Sixty-year-old Ompal Singh Malik from Kudana village of the district had marched with the farmer leader then, 30 years ago. He was marching again, this time with Tikait junior.
“I have been with the Kisan Union since the beginning. I had marched then, I am marching now. We might have stopped for the moment because of the police, but we will keep going forward,” he said.
Police use water cannons to disperse farmers protesting at Delhi-UP border on Tuesday. (PTI Photo)
There were many farmers present who had seen the end of lathi before, who knew how tear gas smells. The older farmers outnumbered the young.
Rambir Singh had lost his leg in farmers’ protest in 1995. He was standing under the Ghazipur flyover with a prosthetic leg made of plastic. “I never received any aid from the government. I lost my leg a long time ago, but I have joined this march from Haridwar. Our demands must be listened to,” he said.
Parveen and Rishipal Singh, two brothers from Chandheri village in Madhya Pradesh had also accompanied thousands of farmers from their district and joined the rally at Haridwar. They said the governments’ policies only benefited the rich.
“The country became free in 1947, but farmers are still not free. We are at the verge of selling our land because promised payments from government haven’t come and we are buried under debt. The country might be developing under Modi, but the farmers are not,” Rishipal said.
“Either our demands will be taken care of, or we will set fire to ourselves. We are dying at home, we might as well come here and die,” said Parveen.
In addition to defaulting payments over sugarcane produce, farmers were also protesting high electricity and diesel prices.
Abdul Majeed, a farmer from Maharajganj district in Uttar Pradesh, has two electric bulbs in his house. He doesn’t even have a fan, he said. Besides that, he uses electricity to charge his phone. But his electricity bill is around Rs 900 a month.
“They first promise light inside our homes. But that meter keeps ticking. Should I feed my sons or pay the electricity bills,” he said.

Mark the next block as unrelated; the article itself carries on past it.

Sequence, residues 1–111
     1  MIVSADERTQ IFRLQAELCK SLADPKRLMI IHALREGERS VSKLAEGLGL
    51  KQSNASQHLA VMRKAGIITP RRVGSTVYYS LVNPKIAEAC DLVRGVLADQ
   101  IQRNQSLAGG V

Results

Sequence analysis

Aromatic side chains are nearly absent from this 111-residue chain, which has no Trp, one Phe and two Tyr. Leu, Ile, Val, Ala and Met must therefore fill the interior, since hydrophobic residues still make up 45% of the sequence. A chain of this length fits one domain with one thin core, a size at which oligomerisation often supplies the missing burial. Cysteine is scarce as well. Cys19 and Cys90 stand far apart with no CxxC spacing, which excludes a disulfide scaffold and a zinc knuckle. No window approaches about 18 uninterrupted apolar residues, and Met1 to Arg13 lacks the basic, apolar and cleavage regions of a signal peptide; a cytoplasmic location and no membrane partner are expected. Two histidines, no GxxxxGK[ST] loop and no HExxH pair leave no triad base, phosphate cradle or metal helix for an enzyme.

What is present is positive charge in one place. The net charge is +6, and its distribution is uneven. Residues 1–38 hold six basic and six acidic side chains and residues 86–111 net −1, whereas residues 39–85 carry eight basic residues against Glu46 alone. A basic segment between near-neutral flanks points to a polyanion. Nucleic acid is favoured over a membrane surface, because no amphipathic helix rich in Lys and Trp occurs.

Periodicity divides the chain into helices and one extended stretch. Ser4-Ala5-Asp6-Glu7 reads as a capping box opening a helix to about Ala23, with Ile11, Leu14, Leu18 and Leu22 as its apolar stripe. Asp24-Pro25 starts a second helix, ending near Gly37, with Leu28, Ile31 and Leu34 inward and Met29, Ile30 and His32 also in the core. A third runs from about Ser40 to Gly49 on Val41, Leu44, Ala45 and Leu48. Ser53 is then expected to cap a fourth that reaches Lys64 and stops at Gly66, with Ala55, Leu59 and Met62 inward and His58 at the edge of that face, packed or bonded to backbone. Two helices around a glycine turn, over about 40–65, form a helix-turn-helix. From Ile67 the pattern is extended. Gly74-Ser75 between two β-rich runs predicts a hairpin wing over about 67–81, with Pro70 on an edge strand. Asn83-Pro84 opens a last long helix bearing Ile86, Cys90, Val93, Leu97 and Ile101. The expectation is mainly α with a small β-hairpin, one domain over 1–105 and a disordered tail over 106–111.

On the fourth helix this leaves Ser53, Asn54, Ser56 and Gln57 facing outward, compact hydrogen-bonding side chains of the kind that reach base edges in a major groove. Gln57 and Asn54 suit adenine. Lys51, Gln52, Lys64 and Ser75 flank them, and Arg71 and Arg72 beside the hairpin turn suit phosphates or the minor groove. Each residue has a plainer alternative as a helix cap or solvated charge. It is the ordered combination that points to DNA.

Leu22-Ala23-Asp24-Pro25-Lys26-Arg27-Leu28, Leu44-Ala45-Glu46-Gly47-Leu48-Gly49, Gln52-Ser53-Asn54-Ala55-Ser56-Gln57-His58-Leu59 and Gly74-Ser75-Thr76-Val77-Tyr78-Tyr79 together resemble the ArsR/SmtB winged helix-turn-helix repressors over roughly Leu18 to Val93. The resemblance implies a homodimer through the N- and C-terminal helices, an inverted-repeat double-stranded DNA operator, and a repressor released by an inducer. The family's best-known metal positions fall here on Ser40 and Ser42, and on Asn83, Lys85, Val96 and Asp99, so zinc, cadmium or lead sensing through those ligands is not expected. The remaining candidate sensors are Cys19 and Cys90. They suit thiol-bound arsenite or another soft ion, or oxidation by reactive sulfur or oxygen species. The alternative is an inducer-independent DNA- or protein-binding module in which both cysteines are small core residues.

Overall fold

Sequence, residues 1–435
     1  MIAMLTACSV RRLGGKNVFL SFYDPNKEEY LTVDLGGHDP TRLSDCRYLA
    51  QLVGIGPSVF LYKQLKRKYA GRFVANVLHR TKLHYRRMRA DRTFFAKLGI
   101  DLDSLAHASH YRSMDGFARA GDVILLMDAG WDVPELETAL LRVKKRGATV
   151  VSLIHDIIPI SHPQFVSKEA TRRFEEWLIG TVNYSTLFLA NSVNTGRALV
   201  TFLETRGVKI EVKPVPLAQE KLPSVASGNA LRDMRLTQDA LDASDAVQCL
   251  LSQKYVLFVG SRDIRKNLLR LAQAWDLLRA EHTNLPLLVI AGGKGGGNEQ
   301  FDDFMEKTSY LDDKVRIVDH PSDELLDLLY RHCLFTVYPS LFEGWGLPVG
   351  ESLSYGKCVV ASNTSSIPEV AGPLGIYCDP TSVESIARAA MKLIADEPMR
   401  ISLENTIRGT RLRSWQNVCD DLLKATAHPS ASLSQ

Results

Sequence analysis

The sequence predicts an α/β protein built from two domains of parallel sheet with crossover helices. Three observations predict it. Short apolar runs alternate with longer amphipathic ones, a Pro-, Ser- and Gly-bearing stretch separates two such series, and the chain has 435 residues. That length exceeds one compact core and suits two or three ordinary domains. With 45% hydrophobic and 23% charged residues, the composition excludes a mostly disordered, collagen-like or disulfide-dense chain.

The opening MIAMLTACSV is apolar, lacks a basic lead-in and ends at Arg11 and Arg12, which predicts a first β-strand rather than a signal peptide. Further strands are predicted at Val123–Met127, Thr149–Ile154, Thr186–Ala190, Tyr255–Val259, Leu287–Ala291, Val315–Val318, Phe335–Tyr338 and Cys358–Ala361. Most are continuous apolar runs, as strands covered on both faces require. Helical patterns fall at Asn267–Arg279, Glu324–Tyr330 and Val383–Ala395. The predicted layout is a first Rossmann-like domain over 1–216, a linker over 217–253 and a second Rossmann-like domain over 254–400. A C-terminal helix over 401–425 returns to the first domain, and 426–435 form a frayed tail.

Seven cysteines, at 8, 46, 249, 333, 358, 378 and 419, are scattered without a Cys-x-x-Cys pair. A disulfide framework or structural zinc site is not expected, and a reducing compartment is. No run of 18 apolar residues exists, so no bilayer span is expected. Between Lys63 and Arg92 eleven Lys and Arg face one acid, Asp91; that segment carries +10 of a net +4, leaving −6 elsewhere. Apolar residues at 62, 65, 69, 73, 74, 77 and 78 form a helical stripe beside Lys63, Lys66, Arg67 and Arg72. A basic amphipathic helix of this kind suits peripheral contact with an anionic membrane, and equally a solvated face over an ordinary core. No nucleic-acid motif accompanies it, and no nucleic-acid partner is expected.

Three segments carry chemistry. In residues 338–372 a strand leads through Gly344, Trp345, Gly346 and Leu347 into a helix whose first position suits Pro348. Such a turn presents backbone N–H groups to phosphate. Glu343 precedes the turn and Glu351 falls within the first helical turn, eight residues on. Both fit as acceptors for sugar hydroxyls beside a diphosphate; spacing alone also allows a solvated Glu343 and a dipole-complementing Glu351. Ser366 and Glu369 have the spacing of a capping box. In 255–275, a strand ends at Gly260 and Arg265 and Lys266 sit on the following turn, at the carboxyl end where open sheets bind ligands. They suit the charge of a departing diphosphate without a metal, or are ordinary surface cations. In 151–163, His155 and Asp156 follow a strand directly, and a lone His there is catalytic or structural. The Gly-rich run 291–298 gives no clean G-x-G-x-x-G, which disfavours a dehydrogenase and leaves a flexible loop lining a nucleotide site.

There were common demands, but each village, each district had some problems of their own. Farmers from Dhampur Tehsil in Bijnor, UP, claimed their lands were being taken away without any compensation.
“We have lived there for 70 years and they are throwing us out. The government is giving our land to soldiers. They never gave us any paperwork. Till now, they have taken about 250 Bighas of land,” said Lal Singh, a farmer from the region.
According to him, 140 tractors, each carrying 20 to 30 farmers, from Bijnor district had come to the rally. “Nobody listens to us. Someone has to,” he said.
Farmers from Siddharthnagar district of the state claimed their MLA was taking a commission of Rs 1.20 lakh from the local ration distributor. “We have to pay extra for our rations every month. Who do we complain to?” asked Kedarnath Mahauriya, who had come to rally with 250 other farmers from his district.
Ninety-year-old Ramswarup, a farmer from Amroha, listed out the demands of farmers from his district. Besides the common demands, they also wanted farmers over 60 years of age to get Rs 5,000 pension per month. “We also want farming to be linked with MGNREGA,” he said. “We don’t want any violence. We have just come to speak of our needs. We have voted for them, they have to listen to us,” he added.